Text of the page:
Native MD to FL and west to TX

Sustainable Woodland Path | dogwood*design project

IMG_9985.JPG, originally uploaded by dogwood*designer.

DESIGNER
Adele Medina O’Dowd, principal, dogwood*design, llc
contact me | adele@willowlandscapedesign.net or 202.255.0728
references available upon request

before
GARDEN CHARACTER

This little stretch of earth was once lined in dying bamboo, but has now been rejuvenated and reclaimed as a lovely passageway between Chevy Chase West’ Hunt Avenue and Drummond Avenue. The big problem here was water and drainage since possibly a couple hundred commuters and school children take this route through the neighborhood each day. The bottom of the of the pass was always flooding in heavy rain since it had a very low spot.

Once the bamboo was removed and tilled out of the ground, a great spot as left for a garden. But since this land is community property and therefore no on in particular is responsible for it’s upkeep except willing neighbors, dogwood*design was charged with designing a plan that would be sustainable and a pleasure to see each day and with seasonal interest.

PLANTS
Planted here are purple Beautyberries, native Virginia Sweetspire ‘Henry’s Garnet’ and Spicebush, as well as tall growing evergreens Aucuba japonica and Leatherleaf viburnum. Two trees adorn the spot now, a light green needled evergreen Limber Pine and a very showy deciduous Chinese Fringetree with it’s exfoliating bark and lacy white spring plums.

Hope you have a chance to pass by and enjoy this sustainable community bright spot.

IMG_9989.JPGIMG_9471.JPG

IMG_9986.JPGIMG_9997.JPG

IMG_9987.JPG IMG_9992.JPG

CCW Path Plan.jpg

Entrance Garden | Landscape Design Ideas

my garden, originally uploaded by intheburg.

Entrance Garden | Landscape Design Ideas

This wonderful entrance belongs to my landscape architect friend who lives in Richmond, VA. The entrance to the house on a shady wooded lot has so many personal touches that you can check out by looking at his flickr set. He has created a beautiful woodland garden to fit.  I love the way it all works together. I know he likes native plants and see a little Lizard’s Tail, featured along with pitcher plant, big leaf magnolia and Carolina Spider Lady.

The water feature is serene and reflect the color of the pots in early spring as well as the plants later on. The colors here in total are very simple cool greens and warm brick reds, softened with moss all over. Ferns are used for groundcover instead of grass. I really like the climbing hydrangea that provides just a little bit of a screen and a lot of flow as you amble down the front walk. Most of the other plants next to the front walk are low so you don’t feel crouded as you make your approach to the front door. But why stop there? The easy going patio table is just a few steps more. You get to pass the soft organic sculpture on the way. All of this is very doable and fits right into the suburban Piedmont environment.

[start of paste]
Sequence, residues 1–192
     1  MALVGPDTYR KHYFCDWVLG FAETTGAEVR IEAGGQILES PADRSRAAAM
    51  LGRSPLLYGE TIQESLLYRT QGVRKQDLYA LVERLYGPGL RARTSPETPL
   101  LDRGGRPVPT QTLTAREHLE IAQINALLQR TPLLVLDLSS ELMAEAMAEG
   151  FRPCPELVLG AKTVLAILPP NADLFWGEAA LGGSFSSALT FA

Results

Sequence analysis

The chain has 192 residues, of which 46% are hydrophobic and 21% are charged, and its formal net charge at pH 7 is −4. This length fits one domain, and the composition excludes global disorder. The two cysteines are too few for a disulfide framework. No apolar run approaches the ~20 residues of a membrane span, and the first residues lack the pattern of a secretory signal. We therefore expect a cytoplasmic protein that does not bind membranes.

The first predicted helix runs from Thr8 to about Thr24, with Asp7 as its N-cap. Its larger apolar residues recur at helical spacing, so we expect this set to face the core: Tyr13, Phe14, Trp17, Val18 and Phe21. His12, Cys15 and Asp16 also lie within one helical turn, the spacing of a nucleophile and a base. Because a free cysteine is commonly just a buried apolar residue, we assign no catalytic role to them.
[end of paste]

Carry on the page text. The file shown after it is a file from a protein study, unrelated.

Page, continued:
Cladrastis kentukea | Yellowwood

IMG_7317.JPG, originally uploaded by dogwood*designer.

Cladrastis kentukea | Yellowwood

Yellowwood is a small tree, with yellow wood on the inside of the bark. The outside is very light gray. It has zero pest problems and is native. It’s pretty bloom racines dangle in late May when not much else is blooming. This versitile tree can even be good neighbors with black walnuts. It’s an unusual (underused) choice. The very simple folliage is a lot like Kerria japonica, and can be id’d because it is alternate while K. japonica is opposite.

Podophyllum peltatum | Mayapple

IMG_7109.JPG, originally uploaded by dogwood*designer.

Podophyllum peltatum | Mayapple

Mayapple is a cool native groundcover, which has little yellow flowers and an actual apple that hangs down below the leaves, believe it or not. It doesn’t stick around long, gone by June. Though this pinwheel is known to be a bit aggressive.

The Great Viburnum List

IMG_7508.JPG

[above Viburnum opulus 'Compactus' | European Cranberry Bush]

Viburnum ssp | Viburnum

Ok Ray, you asked for this. Here is my list of Viburnums for all occasions. I hope to add to this list over time since there are so many to choose from and something for any garden circumstance. So when I have to dig deep to find the right plant, I will know to start here at this list. They are together here in one post so we can compare them easily.
CHARACTER